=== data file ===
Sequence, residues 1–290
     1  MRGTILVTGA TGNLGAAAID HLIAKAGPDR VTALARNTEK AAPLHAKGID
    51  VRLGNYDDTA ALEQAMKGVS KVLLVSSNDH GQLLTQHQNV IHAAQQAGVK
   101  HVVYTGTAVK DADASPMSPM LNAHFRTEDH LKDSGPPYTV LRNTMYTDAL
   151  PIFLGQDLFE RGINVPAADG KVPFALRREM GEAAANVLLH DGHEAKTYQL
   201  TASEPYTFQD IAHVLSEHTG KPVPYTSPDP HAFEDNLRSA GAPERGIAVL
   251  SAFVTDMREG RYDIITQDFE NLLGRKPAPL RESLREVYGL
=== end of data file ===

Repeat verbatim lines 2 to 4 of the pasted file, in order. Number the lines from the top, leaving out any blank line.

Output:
     1  MRGTILVTGA TGNLGAAAID HLIAKAGPDR VTALARNTEK AAPLHAKGID
    51  VRLGNYDDTA ALEQAMKGVS KVLLVSSNDH GQLLTQHQNV IHAAQQAGVK
   101  HVVYTGTAVK DADASPMSPM LNAHFRTEDH LKDSGPPYTV LRNTMYTDAL